Celebrate Easter Around the Globe

It’s nearly Easter and that means time to stock up on pickled fish, braai meat (remember N1 meat suppliers Cape Town and Johannesburg for the best in high-quality Halaal certified meat) and hot cross buns as we pack cars and prepare to spend time with family and friends. While here in South Africa we all have our own Easter traditions, it’s always interesting to see how other countries embrace Easter around the globe.

Easter in Europe

In North Western parts of Europe huge bonfires are lit on Easter Sunday and Monday. There are many stories behind the significance of the fires, but the most common Saxon interpretation is that the fire is there to chase away the darkness of winter and herald the dawning of the spring. Today it’s more about bringing communities together and it’s seen as a chance to celebrate and overindulge with loved ones.

Easter in Norway

The Norwegians have a rather unique take on Easter, for them the long weekend becomes a time for Easter-Crime – they revel in all things murder-mystery, from reading crime novels to watching a selection of new crime detective series produced by all the major TV channels especially for Easter. For those that go away, it usually means a trip to the mountains – Easter weather is usually stable with lots of snow and sunshine making it the perfect time for skiing and other winter sports.

Easter in Sweden

Mostly a secular holiday, the Swedes prefer to celebrate this time of year with traditional food: eggs, fish and a dish called Jansson’s Temptation – potato, onion and picked sardines baked in cream. For the children it’s a time to dress up as witches, they wear old clothes and then go from house to house trading paintings and drawings for treats, after that they participate in a treasure hunt to find even more treats hidden away in an Easter egg.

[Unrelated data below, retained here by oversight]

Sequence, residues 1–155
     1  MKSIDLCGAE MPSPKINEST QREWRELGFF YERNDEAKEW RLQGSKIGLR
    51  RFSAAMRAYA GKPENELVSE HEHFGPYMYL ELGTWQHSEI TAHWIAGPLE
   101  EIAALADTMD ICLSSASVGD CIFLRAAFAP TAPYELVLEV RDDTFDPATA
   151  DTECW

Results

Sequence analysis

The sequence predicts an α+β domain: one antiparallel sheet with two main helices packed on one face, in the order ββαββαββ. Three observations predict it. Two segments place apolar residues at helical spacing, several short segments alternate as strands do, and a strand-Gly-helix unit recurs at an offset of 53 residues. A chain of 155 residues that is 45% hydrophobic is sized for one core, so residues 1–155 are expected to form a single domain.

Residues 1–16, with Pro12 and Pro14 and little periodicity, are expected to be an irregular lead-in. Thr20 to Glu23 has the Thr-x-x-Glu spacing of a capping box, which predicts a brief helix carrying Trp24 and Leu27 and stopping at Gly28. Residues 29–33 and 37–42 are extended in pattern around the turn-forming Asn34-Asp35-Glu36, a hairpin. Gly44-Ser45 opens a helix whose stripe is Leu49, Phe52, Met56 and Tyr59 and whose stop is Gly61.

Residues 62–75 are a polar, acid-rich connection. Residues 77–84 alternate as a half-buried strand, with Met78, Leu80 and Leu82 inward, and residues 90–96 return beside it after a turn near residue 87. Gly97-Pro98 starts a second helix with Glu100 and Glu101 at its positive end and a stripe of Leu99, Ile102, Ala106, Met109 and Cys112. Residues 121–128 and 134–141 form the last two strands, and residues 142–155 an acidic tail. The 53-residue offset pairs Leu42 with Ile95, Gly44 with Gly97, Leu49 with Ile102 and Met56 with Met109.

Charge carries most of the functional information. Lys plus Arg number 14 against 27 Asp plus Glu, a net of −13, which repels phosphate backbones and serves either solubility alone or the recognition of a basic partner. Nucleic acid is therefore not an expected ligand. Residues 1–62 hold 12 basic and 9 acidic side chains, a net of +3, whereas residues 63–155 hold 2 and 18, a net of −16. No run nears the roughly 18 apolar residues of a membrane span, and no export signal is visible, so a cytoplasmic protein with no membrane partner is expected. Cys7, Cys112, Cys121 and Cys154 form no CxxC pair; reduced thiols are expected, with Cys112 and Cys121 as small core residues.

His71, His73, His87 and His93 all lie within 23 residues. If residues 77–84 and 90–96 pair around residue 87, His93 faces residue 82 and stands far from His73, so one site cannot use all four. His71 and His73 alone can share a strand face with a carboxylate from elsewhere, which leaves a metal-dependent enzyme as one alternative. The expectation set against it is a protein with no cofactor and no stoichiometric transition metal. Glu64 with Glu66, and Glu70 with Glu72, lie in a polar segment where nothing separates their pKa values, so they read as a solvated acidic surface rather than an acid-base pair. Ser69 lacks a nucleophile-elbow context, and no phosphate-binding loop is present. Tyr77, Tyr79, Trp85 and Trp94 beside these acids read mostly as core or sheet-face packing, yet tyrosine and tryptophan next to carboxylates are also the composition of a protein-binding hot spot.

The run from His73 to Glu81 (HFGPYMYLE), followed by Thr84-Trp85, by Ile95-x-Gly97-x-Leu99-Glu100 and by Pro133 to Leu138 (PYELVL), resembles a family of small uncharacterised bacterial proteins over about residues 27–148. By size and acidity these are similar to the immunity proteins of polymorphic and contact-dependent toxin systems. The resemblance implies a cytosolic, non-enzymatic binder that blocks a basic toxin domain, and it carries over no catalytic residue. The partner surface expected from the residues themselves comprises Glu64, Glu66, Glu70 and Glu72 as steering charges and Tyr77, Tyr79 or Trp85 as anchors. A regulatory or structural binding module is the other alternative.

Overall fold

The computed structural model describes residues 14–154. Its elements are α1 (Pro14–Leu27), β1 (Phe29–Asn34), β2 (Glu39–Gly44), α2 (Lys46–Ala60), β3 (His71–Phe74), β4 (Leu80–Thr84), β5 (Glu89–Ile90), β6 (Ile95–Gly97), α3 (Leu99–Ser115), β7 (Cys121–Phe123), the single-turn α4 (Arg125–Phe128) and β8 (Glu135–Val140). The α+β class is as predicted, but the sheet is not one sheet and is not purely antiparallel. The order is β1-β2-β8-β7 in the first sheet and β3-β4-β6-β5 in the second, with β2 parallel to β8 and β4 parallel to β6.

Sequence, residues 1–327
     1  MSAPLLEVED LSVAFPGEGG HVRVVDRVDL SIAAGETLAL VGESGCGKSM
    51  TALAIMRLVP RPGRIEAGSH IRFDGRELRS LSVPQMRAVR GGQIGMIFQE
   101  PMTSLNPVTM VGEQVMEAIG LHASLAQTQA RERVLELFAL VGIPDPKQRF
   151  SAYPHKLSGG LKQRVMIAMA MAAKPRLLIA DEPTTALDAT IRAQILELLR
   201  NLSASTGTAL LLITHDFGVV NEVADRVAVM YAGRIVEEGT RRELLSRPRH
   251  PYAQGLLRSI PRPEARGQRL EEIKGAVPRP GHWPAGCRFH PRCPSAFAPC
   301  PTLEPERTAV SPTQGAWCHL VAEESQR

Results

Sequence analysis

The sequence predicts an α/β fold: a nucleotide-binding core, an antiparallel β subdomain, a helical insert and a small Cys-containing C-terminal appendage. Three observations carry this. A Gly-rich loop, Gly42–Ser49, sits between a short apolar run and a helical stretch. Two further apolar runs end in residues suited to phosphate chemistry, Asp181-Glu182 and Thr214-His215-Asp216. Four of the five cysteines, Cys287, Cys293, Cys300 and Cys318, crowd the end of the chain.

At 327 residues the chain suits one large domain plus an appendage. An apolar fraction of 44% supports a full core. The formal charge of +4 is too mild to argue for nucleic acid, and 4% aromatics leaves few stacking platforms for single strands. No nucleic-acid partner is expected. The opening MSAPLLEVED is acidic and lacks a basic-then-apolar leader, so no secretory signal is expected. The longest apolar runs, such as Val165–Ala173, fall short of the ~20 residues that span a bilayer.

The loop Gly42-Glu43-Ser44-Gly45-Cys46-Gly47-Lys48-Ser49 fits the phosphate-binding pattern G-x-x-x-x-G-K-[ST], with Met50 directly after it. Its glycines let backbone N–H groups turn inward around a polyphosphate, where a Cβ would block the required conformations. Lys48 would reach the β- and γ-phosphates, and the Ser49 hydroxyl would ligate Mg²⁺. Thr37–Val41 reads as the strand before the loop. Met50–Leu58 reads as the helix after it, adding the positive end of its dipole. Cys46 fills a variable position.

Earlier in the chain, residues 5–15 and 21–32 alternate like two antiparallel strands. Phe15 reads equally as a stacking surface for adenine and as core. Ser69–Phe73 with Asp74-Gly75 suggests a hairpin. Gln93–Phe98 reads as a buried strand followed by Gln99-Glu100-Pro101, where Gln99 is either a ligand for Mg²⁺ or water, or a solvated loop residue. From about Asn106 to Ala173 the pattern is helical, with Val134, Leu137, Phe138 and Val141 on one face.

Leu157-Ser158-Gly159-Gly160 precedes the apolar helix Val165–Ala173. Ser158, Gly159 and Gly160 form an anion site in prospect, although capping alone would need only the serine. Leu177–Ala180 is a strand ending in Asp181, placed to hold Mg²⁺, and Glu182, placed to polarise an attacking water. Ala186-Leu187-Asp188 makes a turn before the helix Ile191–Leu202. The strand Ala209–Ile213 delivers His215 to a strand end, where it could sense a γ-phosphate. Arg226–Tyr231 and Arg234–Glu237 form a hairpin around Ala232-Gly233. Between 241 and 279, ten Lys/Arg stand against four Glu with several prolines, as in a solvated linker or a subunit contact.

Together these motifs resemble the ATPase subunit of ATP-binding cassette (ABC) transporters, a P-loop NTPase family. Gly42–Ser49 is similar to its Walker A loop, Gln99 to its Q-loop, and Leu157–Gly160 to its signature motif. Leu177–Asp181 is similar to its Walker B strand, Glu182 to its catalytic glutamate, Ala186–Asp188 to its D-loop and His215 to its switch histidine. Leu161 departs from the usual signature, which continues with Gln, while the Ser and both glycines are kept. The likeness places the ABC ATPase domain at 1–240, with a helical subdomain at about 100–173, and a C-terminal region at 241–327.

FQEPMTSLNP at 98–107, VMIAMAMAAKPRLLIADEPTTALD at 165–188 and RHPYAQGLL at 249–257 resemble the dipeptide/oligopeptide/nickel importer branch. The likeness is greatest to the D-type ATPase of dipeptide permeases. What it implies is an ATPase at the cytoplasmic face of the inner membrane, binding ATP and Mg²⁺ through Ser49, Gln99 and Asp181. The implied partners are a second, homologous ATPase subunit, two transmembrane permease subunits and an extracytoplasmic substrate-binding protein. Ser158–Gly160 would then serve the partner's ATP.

Easter in Bermuda

The Bermudians have a lovely tradition of flying kites on Good Friday – it might seem strange at first, but the tradition apparently began with a local teacher from the British Army who, as a way of trying to explain Christ’s ascension to Heaven, made a kite in the shape of a cross and the rest is history. Bermuda kites vary in size and style – some have very intricate patterns and need a few men to get them aloft, others apparently make buzzing sounds as they fly by.

Like us the Bermudians love their hot cross buns, although they prefer their Halaal fish in fish cakes and not pickled. Regardless of where you may be this Easter or what your specific traditions are, from everyone here at N1 – JHB & Cape Town’s favourite meat wholesaler – Happy Easter, travel safe and enjoy the time with your loved ones.